even inability to hear the sounds used in other languages. (Hence the classic use of R instead of L when Chinese and other Asian people speak English learned later in life).

This is true for all behaviors and intelligences. A baby born in the Amazonian jungle has different needs as to skills to survive than, say, a baby born in London, or in Wichita. This is why it's SO IMPORTANT to recognize a child's natural style of learning to begin with, and the responsibility of adults to recognize that style and adapt to it.

A baby may particularly like music, or touch, or visual stimulation, or hearing - thus 'multi-media' approaches to education have developed. Ignoring a child's natural innate learning style can be crippling to them. But there is plenty of research readily available online and elsewhere about this ....

to get back to the topic, what do you guys think about "mandatory chess lessons"?
It reminds me a bit of Plato's Republic, where he discusses music and gymnastic as crucial for early learners as their personalities develop.

Not many Americans in my experience know how to play chess; and those who do definitely show adeptness at certain critical thinking skills. These are the sorts of skills that can help lead the world to a more peaceable place. I had no idea that it was such a "craze" in Eastern Europe and elsewhere....
and although it says in the article that it's a subject offered in the US, Britian, etc ( it is? I never heard of Chess elective!
) I think it's impressive that Armenia is making it mandatory.

More than $3m has been spent on the project so far to supply chess equipment and learning aids in all Armenian schools, Ashotyan added. The majority of the budget was allocated to train chess players to become good teachers. In coming years, spending on chess is expected to rise, he said.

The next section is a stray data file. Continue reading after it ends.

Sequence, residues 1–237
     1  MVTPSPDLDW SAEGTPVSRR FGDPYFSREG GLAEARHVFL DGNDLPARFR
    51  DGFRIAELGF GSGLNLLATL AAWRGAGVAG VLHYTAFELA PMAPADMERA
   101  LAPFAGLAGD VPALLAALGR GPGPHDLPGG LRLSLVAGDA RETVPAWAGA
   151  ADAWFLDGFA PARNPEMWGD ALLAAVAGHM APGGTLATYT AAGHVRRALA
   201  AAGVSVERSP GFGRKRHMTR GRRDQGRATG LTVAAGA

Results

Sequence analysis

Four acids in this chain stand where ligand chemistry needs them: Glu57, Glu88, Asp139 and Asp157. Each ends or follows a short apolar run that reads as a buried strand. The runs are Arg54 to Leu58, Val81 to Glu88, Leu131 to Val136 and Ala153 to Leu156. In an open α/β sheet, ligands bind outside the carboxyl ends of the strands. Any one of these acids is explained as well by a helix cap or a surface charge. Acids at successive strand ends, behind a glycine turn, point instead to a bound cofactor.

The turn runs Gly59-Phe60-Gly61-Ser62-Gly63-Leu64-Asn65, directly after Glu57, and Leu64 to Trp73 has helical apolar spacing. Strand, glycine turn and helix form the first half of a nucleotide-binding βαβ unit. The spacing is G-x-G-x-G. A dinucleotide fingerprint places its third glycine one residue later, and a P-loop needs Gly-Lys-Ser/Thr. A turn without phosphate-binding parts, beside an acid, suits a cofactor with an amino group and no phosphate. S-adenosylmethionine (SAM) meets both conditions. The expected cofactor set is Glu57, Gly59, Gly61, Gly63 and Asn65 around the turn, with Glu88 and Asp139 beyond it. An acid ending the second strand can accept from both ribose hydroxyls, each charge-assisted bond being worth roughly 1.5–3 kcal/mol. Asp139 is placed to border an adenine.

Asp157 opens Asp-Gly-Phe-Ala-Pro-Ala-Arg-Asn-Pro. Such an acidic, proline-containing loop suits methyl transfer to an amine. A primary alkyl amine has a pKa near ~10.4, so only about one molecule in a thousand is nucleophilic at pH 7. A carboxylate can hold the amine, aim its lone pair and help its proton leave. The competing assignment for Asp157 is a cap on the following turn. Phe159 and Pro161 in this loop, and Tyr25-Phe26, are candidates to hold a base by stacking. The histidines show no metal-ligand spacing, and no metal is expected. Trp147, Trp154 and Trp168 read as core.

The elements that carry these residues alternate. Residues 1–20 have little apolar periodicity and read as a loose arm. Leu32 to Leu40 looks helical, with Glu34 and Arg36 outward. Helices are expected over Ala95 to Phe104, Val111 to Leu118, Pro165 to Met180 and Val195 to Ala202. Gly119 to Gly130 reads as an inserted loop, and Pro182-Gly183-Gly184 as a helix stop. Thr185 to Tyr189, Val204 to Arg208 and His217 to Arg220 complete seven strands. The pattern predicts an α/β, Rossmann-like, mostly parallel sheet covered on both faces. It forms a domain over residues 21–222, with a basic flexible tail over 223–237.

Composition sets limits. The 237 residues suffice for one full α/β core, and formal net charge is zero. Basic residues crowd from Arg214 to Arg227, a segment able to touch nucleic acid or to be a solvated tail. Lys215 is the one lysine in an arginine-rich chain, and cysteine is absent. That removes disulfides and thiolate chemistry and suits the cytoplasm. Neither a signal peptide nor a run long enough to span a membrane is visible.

The initiative is also attracting attention from other countries. Later this year, chess will be integrated into the national curriculum of Hungary's elementary schools. Countries such as Moldova, Ukraine and Spain are showing interest in running similar projects.

In Britain, the United States, Switzerland, India, Russia and Cuba schools have long offered chess as a subject, though no nationwide legislation making it compulsory exists.

Good on them.
Thoughts? Is this a viable strategy for building world leaders? Or more useful in simply grooming grand-master players? For my part, I like it.

(Mods, if this is in the wrong forum, I trust you'll move it.)




posted on Mar, 25 2013 @ 01:51 PM
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I wasn't aware that they took chess out of school. When did they do that? I was on the chess team in school a long long time ago. It is a great mind exercise.



posted on Mar, 25 2013 @ 01:54 PM
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reply to post by jimmiec